These exercises are designed for a high number of repetitions with an appropriate weight. You should experiment with different weights to find one that’s challenging, but allows you to work in the suggested range of repetitions. A good place to start is two to three sets of 12 to 15 reps each. If you do this workout two to three times a week during your off-season, and one to two times a week during peak season, you will see a noticeable difference in your strength, endurance and skiing performance.
Anterior Tib: Your lower body muscles are the primary muscles used for control and stability while skiing. To create muscular balance in the lower leg, you should train the opposing muscle to the calf (also known as the anterior tibialis or the shin muscle). Our leg muscles tend to act as shock absorbers, so it’s important to strengthen them. Using a leg press machine, push the platform away to a distance that still allows for a slight bend in the knee, then as you walk your feet forward, maybe 6 inches to a foot in front of you, rise up on your heels, lifting your toes. Now, press through all five toes as you do your repetitions, lifting your heels. Keep an even pace through the exercise.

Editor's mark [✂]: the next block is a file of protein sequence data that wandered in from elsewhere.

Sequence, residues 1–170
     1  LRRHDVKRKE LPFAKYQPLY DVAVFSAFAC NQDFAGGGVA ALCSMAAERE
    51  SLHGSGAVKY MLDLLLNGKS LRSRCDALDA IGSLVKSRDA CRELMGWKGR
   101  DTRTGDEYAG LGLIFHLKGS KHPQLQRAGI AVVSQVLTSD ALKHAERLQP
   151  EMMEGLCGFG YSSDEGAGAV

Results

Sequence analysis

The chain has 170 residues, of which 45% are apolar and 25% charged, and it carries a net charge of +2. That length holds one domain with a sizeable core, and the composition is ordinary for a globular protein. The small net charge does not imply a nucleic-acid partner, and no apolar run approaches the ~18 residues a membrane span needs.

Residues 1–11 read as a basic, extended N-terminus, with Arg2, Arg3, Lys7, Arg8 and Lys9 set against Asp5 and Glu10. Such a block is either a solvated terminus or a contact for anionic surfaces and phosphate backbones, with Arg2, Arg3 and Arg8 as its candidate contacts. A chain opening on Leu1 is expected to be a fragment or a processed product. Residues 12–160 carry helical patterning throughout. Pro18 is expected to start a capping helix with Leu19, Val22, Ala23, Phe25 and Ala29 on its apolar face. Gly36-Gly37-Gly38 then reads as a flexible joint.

Standing High Bar: Your upper body muscles are used to maintain an upright skiing position and provide balance. Start working your lats and the long head of your triceps with a standing high bar pull. Start by taking hold of the bar with a grip that’s a little bit wider than your shoulders. Step back, spreading the feet for a good base of support, hinging forward at the hips with the chest up. Now, you’re in a position that simulates the muscular demands of skiing. As you exhale, grip the bar and guide it down towards your mid-thighs, keeping your shoulders down and your lower abdominal muscles engaged to support the lower back.
Rear Delts: This exercise trains the posterior deltoids and the rhomboids. Good strength in your back is key, not only for maintaining an upright skiing position, but also for muscular alignment. Kneel on the bench with one knee directly under your hip, your hand directly underneath your shoulder, and make sure to keep your spine straight. As you slowly guide your barbell and let it hang directly under your shoulder, lead with your elbow straight up to the ceiling, and focus on squeezing your shoulder blade in towards your spine. Be careful not to hold any tension in your upper neck.